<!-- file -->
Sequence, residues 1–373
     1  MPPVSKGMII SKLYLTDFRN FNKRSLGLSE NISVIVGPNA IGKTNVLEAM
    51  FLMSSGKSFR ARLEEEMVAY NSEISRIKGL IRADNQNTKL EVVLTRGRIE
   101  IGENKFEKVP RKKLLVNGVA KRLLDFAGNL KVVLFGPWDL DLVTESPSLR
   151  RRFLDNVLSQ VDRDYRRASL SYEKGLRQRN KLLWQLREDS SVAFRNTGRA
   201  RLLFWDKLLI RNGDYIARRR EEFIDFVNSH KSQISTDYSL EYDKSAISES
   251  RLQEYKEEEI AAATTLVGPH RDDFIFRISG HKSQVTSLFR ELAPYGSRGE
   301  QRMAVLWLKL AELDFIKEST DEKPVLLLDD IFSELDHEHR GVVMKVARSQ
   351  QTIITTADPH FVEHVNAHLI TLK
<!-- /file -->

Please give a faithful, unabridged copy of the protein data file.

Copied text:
Sequence, residues 1–373
     1  MPPVSKGMII SKLYLTDFRN FNKRSLGLSE NISVIVGPNA IGKTNVLEAM
    51  FLMSSGKSFR ARLEEEMVAY NSEISRIKGL IRADNQNTKL EVVLTRGRIE
   101  IGENKFEKVP RKKLLVNGVA KRLLDFAGNL KVVLFGPWDL DLVTESPSLR
   151  RRFLDNVLSQ VDRDYRRASL SYEKGLRQRN KLLWQLREDS SVAFRNTGRA
   201  RLLFWDKLLI RNGDYIARRR EEFIDFVNSH KSQISTDYSL EYDKSAISES
   251  RLQEYKEEEI AAATTLVGPH RDDFIFRISG HKSQVTSLFR ELAPYGSRGE
   301  QRMAVLWLKL AELDFIKEST DEKPVLLLDD IFSELDHEHR GVVMKVARSQ
   351  QTIITTADPH FVEHVNAHLI TLK